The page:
Focus on Fungicides

April 29, 2011 10:21 PM

Farm Journal Test Plots Examine Application Timing

The benefits of using fungicide in corn aren’t always clear-cut and easy to measure. Field research conducted in 2010 in the Farm Journal Test Plots by Ken Ferrie and Missy Bauer, Farm Journal Field Agronomists, set out to get a handle on application timing.

One of the questions the agronomists wanted to answer was how an early season fungicide treatment in corn at the V5 growth stage would compare to an application at the R1 stage, which is the traditional timing for fungicide applications.

A second question was whether there was any benefit to applying fungicides at both times, compared with making one application at one or the other timing.

Bauer, who is based in southern Michigan, explains that yield potential in corn begins at around the V5 growth stage, so some manufacturers recommend applying a fungicide at that point to provide what the chemical industry calls a plant health response. Fungicide applications made at the R1 corn growth stage are used to shut down disease pressure.

For the studies, she evaluated the performance of Syngenta Quadris and Quilt Xcel fungicides and BASF Headline and Headline AMP fungicides.

All products were applied at labeled rates in southern Michigan irrigated fields owned by North Concord Farms in two different rotational scenarios: corn on corn and corn after soybeans. The test plots ranged in size from 25 acres to 50 acres and each contained one 105-day hybrid and one 106-day hybrid, based on comparative relative maturities. Both hybrids offered low to moderate susceptibility, depending on the disease specified. Each trial was replicated three times. No comparative studies were conducted between the products.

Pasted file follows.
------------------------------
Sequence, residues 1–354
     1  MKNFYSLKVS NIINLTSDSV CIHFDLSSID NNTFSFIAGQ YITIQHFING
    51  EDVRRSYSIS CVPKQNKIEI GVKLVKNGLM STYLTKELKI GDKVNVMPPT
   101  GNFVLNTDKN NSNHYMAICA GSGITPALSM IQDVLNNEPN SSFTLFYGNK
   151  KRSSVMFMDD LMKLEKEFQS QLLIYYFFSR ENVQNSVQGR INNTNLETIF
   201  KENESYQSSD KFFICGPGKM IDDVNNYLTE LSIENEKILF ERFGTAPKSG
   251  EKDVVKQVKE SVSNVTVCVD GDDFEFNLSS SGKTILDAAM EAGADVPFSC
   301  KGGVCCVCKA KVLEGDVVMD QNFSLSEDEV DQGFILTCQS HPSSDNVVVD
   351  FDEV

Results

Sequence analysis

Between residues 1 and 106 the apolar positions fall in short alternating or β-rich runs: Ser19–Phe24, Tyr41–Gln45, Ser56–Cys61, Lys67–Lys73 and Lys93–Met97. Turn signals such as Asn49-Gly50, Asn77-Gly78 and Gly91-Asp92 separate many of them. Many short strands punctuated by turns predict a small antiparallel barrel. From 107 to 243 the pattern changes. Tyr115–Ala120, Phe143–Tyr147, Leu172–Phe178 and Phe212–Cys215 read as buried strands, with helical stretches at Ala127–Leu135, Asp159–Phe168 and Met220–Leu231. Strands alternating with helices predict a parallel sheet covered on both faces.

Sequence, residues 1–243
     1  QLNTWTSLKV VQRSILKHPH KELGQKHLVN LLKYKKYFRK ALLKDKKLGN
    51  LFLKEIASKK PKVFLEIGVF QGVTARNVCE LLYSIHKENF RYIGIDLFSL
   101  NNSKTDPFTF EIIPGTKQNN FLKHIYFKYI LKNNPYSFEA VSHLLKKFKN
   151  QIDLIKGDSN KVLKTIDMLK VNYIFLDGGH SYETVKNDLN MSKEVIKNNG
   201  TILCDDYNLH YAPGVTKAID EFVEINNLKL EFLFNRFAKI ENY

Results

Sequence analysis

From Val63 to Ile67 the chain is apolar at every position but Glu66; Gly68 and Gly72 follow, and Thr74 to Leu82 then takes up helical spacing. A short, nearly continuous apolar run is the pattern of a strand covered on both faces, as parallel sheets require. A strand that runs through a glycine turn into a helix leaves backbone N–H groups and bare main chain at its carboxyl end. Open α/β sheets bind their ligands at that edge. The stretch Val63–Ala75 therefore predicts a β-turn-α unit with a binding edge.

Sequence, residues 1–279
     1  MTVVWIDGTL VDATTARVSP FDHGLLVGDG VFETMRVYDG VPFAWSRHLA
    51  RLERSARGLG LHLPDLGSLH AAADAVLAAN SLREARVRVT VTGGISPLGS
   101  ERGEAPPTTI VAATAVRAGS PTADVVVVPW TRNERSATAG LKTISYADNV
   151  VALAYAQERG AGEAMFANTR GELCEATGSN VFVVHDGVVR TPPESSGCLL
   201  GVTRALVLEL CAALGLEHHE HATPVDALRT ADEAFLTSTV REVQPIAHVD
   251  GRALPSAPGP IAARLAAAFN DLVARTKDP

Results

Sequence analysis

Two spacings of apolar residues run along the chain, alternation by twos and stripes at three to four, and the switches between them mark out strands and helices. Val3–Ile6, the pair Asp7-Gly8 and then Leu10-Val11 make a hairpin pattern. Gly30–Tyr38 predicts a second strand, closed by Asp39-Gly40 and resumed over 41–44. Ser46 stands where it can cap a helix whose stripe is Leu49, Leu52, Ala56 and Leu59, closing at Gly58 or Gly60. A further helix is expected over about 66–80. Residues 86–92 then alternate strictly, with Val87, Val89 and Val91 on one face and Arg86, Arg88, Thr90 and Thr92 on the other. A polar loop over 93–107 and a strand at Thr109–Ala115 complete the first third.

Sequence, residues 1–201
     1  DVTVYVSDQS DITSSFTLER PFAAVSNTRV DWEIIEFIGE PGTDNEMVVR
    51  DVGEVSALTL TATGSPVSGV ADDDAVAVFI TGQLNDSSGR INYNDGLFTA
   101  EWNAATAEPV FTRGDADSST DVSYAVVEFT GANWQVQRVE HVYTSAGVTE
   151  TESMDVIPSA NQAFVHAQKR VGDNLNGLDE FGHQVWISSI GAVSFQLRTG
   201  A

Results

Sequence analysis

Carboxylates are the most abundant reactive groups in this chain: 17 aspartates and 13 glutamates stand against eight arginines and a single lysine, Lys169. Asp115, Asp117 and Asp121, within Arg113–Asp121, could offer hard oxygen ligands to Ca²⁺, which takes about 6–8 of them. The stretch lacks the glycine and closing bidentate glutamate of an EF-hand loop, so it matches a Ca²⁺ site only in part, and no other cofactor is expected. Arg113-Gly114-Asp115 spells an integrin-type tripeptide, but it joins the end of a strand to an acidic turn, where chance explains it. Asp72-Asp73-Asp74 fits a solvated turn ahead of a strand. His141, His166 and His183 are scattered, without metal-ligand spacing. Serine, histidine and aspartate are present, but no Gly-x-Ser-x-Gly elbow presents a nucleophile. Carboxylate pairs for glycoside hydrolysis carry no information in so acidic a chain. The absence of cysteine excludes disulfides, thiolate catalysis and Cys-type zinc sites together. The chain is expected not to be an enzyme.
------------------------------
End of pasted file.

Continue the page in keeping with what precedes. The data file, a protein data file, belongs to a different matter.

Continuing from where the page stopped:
Yearly rainfall levels were average for the 2010 season, but disease pressure in the fields, specifically northern corn leaf blight, was at the heaviest level Bauer has ever experienced in the area.

When Bauer evaluates fungicide treatments, aside from hybrid response, she typically finds that the best response is in irrigated fields that are planted into corn-on-corn rotations.

Ferrie agrees with Bauer, noting that his 2010 fungicide studies also were based on the treatment timing of R1 and V5 but were made only in non-irrigated fields with corn on corn and corn after soybeans.

"High disease pressure from old corn residue, extended periods of leaf wetness and adequate soil moisture allow disease to proliferate," Bauer says. "Agronomically, that’s a tough scenario that should help fungicides have the most positive response."

In ranking the responses to fungicides in Bauer’s three other agronomic scenarios, corn on corn in nonirrigated fields is second best; irrigated corn grown after soybeans is third; and the fourth best scenario is corn grown after soybeans.

"It’s important to not only consider the hybrid disease ratings but also the cultural practices and environment," she explains. "You must respect the disease triangle."

Key take-aways.

Fungicide treatments that were made at V5 were economically advantageous in Bauer’s plots 75% of the time and 100% of the time in applications made at the R1 timing (see charts below).